The journal article “Empowering Black Scientists in STEM: Early Success of the Black Bio-mechanists Association” points out that even though Black students have a similar college/university entering rate, the leaving rate of Black students is higher, meaning more Black students leave STEM majors than white ones. The authors put this down to DEI (diversity, equity, and inclusion) barriers. DEI barriers refer to the financial and social obstacles Black people in America face — these impact Black students’ ability to complete their degrees.
The National Center for Science and Engineering Statistics reported that there were 2,027,114 Black or African American students enrolled as undergraduates in 2018. This was actually the lowest enrollment number — lower than 2008 even, 10 years prior, when 2,097,256 students were recorded. But while Black student enrollment may have dropped, degrees earned by minorities increased. They reported that “in 2018, underrepresented minority students received 24.0% of all S&E bachelor’s degrees awarded to U.S. citizens and permanent residents, 22.1% of S&E master’s degrees, and 13.6% of all S&E doctoral degrees.”
Does the government provide any financial assistance to Black students?
Under President Biden’s Build Back Better Framework, Historically Black Colleges and Universities (HBCUs) received more financing. The framework is intended to help the American middle class by creating more jobs, helping middle-class workers stay in the labor force, and growing the economy from the bottom up. Among the numerous plans is one to help lower the cost of higher education — which is one of the primary barriers minority groups face in obtaining a post-secondary education. Some examples of this are increasing the amount of the Pell Grant and making it accessible to DREAMers, and investing in HBCUs, Tribal Colleges and Universities (TCUs), and minority-serving institutions (MSIs) to provide more financial aid and increase capacity. In 2021, the Biden-Harris released a proclamation officially recognizing National HBCUs Week thereby acknowledging the vital role they play in providing education and training for many. As part of the American Rescue Plan, a pandemic relief fund, $3.7 million was provided to HBCUs. $500 million was awarded to HBCUs by the Department of Education as part of the FY 21 Grant Funding. For the FY 22 Budget Request, President Biden requested $1.06 billion for HBCU-specific funding — these are Title III mandatory funds to “provide formula grants to all HBCUs to invest in capacity-building initiatives and student success programs”.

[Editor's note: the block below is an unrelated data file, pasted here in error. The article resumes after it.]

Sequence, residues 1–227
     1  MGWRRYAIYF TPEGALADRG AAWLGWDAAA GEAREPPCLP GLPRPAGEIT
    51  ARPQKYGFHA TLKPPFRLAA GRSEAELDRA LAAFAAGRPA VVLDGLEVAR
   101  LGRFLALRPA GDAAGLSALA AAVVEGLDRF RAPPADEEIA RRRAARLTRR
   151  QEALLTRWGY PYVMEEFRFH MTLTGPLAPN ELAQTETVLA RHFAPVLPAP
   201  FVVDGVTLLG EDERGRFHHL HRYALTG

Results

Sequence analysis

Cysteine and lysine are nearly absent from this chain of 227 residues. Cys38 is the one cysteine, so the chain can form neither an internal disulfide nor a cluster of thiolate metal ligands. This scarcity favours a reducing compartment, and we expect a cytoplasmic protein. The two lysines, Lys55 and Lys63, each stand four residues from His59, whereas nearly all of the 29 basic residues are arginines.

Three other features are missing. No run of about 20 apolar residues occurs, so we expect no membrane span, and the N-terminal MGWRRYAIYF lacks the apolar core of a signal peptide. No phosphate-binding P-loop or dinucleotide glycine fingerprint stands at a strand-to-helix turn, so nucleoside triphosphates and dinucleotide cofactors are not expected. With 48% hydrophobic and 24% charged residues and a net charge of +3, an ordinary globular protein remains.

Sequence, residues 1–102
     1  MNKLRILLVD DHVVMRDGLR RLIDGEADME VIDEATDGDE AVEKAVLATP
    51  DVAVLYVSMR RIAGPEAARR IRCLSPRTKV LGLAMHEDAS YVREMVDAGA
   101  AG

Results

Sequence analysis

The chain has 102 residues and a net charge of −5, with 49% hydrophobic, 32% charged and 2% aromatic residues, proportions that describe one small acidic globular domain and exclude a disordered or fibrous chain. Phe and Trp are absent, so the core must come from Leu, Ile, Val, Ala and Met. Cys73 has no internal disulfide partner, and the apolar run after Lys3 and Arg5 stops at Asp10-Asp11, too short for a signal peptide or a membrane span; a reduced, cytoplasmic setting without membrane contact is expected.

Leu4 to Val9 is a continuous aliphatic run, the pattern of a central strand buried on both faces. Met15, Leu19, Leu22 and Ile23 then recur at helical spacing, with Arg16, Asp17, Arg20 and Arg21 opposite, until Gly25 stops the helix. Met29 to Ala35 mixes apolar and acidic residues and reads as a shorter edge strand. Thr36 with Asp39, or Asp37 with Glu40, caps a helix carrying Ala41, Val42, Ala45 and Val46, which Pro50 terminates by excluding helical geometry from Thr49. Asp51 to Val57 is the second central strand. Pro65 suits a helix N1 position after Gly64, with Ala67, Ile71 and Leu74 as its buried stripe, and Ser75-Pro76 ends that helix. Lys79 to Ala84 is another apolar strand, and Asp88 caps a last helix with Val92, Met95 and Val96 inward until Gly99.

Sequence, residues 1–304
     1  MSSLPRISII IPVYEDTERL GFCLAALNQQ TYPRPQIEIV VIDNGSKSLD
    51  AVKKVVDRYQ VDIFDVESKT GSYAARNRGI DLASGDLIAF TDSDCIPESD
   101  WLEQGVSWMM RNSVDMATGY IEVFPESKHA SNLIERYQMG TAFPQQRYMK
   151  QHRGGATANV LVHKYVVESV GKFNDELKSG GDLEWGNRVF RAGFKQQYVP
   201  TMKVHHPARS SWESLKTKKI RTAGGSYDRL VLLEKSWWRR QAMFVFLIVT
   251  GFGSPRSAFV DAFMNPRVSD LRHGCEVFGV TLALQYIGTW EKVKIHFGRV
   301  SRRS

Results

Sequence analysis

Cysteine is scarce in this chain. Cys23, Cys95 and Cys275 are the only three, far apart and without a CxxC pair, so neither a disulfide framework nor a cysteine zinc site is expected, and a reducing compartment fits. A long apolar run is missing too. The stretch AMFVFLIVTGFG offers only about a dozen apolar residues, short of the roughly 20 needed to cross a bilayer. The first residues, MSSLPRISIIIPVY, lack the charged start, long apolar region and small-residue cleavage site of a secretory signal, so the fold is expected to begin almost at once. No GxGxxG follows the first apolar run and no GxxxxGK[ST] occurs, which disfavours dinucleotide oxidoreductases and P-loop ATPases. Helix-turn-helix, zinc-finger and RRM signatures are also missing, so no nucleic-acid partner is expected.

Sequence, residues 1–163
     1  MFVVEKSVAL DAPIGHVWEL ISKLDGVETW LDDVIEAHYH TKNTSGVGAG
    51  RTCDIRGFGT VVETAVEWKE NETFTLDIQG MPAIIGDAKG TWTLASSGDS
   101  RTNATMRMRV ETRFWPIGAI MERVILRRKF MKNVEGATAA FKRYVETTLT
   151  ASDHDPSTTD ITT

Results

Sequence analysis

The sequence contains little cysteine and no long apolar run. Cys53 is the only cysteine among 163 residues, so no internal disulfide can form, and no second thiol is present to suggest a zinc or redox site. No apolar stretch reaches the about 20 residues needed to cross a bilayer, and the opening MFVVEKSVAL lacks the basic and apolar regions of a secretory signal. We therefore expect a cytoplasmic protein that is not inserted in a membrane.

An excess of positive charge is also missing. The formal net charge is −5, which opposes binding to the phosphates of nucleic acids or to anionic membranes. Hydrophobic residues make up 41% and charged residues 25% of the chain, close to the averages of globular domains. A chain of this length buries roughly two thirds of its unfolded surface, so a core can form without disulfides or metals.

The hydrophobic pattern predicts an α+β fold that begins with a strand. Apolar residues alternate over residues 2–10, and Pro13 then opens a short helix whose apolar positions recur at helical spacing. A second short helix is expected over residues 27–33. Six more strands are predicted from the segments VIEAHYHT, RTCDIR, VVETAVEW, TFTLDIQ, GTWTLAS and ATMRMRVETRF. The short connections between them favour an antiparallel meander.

The Build Back Better plan will also provide tuition subsidies to students who attend HBCUs with a family income below $125,000. In 2020, the U.S. Census reported that 28.1% of Black alone households earned below $24,999 — 11,4% in the $15,000-$24,999 bracket and 16.7% in the below $15,000 bracket. For context, the NCES reported that the average total cost of attending a public four-year institution minus aid and scholarships was $14,200 — it was $28,100 at private nonprofit institutions and $23,200 at private for-profit institutions.
How to win scholarships for Black students
Many of the scholarships for Black students are for studying at Historically Black Colleges and Universities, or HBCUs, as they are known. We recommend that you apply for admission to one of the 107 HBCUs across the U.S. to stand a better chance of winning a scholarship. These scholarships are often meant to supplement federal aid so ensure that you’ve filed for Free Application for Federal Student Aid or FAFSA. This will also help organizers determine whether you are eligible – financial need is usually an eligibility requirement and qualifying for federal aid is a way to prove that you need assistance. Read the tips we’ve provided on each of the scholarships to ensure you nail your application.
To Apply, please visit: https://scholaroo.com/black-student-scholarships/